The Last Grand Adventure

The Last Grand Adventure
Age Range
Release Date
March 20, 2018
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Twelve-year-old Bea finds herself on a unique road-trip with her grandmother, as they search for her grandmother’s long-lost sister—the legendary Amelia Earhart—in this charming novel from the author of When Audrey Met Alice and Summer of Lost and Found.

It’s 1967 and twelve-year-old Bea is in need of some adventure. Her mother is off in San Francisco, while her father has just gotten remarried in Los Angeles. Bea has gained a younger stepsister, and she’s not thrilled about her blended family. So when her ailing grandmother, Pidge, moves to an Orange County senior-living community and asks if Bea would spend the summer helping her get settled, Bea is happy for any excuse to get away.

But it turns out, her grandmother isn’t interested in settling in. What she really wants is to hop a train back to Atchison, Kansas—where she thinks she’ll be reunited with her long-missing sister: Amelia Earhart. And she wants Bea to be her sidekick on this secret trip.

At first, Bea thinks her grandmother’s plan is a little crazy. But Pidge has thirty years of letters written in “Meelie’s” unmistakable voice, all promising to reunite. This might be the adventure Bea needs…

With letters in hand, Bea and Pidge set off on their quest to find Amelia. But getting halfway across the country proves to be more of an adventure than either of them bargained for. And their search for Amelia leads to some surprising truths about their family—and each other.

Editor review

1 review
Great Road Trip with Grandma
Overall rating
Plot/Characters/Writing Style
Illustrations/Photos (if applicable)
Bea's parents are divorced, her father remarried, and her mother taking advantage of the social upheaval of 1967 to travel in order to report on it. When Bea ends up having to spend her summer with her grandmother, she's not entirely upset, since her young stepsister loves her a little too much! "Pidge" as her grandmother wants to be called, has been forced to move from Boston to a retirement community in California so she can be near Bea's father, and she's not happy with the new, plastic feeling apartment that she has. As soon as Bea's father leaves them alone, Pidge comes up with a plan; she and Bea are going to get on a train and go to Atchinson, Kansas to meet her sister, who really happens to be Amelia Earhart. Over the years, Pidge has gotten letters from her sister, and the last one suggests meeting at the house where they grew up. An epic road trip ensues, with train, bus, hitch hiking with a hippie, and even an airplane ride, much to Pidge's chagrin. After all, if your beloved sister supposedly perished in a plane crash, would you be thrilled about air travel?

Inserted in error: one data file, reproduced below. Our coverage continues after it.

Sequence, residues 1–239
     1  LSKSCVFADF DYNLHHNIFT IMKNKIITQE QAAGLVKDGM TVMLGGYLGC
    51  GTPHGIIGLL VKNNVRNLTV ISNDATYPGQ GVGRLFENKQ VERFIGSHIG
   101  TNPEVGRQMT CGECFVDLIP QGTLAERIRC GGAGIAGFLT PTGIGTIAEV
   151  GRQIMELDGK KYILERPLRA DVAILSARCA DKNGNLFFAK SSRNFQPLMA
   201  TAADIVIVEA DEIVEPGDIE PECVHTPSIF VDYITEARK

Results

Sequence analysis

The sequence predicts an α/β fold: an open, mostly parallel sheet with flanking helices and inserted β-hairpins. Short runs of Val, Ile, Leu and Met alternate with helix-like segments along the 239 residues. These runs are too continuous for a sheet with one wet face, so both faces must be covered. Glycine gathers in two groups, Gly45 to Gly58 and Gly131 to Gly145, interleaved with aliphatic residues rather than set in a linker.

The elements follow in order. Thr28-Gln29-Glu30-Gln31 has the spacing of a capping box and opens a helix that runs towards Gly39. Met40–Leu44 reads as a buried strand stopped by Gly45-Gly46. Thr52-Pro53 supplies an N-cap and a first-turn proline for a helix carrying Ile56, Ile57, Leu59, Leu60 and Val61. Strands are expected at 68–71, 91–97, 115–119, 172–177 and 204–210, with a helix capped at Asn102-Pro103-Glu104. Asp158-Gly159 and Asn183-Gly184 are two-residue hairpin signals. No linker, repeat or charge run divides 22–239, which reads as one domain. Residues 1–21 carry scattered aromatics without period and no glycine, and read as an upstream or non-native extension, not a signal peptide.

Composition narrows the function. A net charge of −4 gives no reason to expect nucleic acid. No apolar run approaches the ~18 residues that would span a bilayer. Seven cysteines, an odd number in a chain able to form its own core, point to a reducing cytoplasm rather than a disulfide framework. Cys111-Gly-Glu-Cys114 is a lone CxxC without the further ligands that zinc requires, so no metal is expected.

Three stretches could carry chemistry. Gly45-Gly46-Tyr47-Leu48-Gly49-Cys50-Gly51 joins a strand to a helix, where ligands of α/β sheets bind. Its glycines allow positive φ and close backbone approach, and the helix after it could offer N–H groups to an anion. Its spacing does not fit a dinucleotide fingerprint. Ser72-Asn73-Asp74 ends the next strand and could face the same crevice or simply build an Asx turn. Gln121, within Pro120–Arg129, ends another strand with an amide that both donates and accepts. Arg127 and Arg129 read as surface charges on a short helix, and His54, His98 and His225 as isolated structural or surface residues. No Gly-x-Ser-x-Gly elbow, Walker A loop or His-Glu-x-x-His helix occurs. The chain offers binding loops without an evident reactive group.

Good Points
The details of traveling in the 1960s, and Pidge's reluctance to actually buy tickets, are the most delightful parts of this book. We get to have a champagne dinner in the dining car of The Super Chief, but then get thrown off; we spend the night in a bus station and eat bananas and Twinkies Pidge has in her purse; we get to walk through the dessert and get picked up in a "woodie" station wagon by a very picturesque 1960s painter! A lot of time, travel books ignore the details of getting dirty and being unable to clean up, or the difficulty of lugging bags around. I really felt like I was traveling with Bea and Pidge, although I would have been more prepared!

While Amelia Earhart did have a sister called Pidge, the book is clearly fictional. It is, however, extremely well researched. Details of daily life in the 1960s are spot on, with the possible exception of Pidge wearing slacks in her 70s. None of the women in my life wore slacks during this time period, but I lived in Ohio and not on the fashion forward, daring west coast! Readers are also introduced to information about Earhart's travels and childhood in a way that will encourage them to seek out books like Candace Fleming's Amelia Lost.

Bea's relationship with her grandmother is also just right. The two haven't been close, but soon warm to each other's eccentricities. Middle grade readers who have spent a lot of time with their grandparents often find them to be the most sympathetic adults in their life, and those who don't know grandparents well often long for them. Bea's confusion and delusions are serious but not dangerous, but middle school is often a time when readers see grandparents becoming more frail. I liked how Behrens handled the grandmother's condition, and the portrayal of the divorce and step family will also speak to the experience of many readers, or give them insights into how other families live.

Like Blume's Julia and the Art of Practical Travel or Bustard's Anywhere But Paradise, The Last Grand Adventure transports family drama into an interesting and vibrant time period and shows us that while fashions, types of travel, and acceptable breakfasts (sugar sandwiches!) have changed over the last 50 years, family ties have not.
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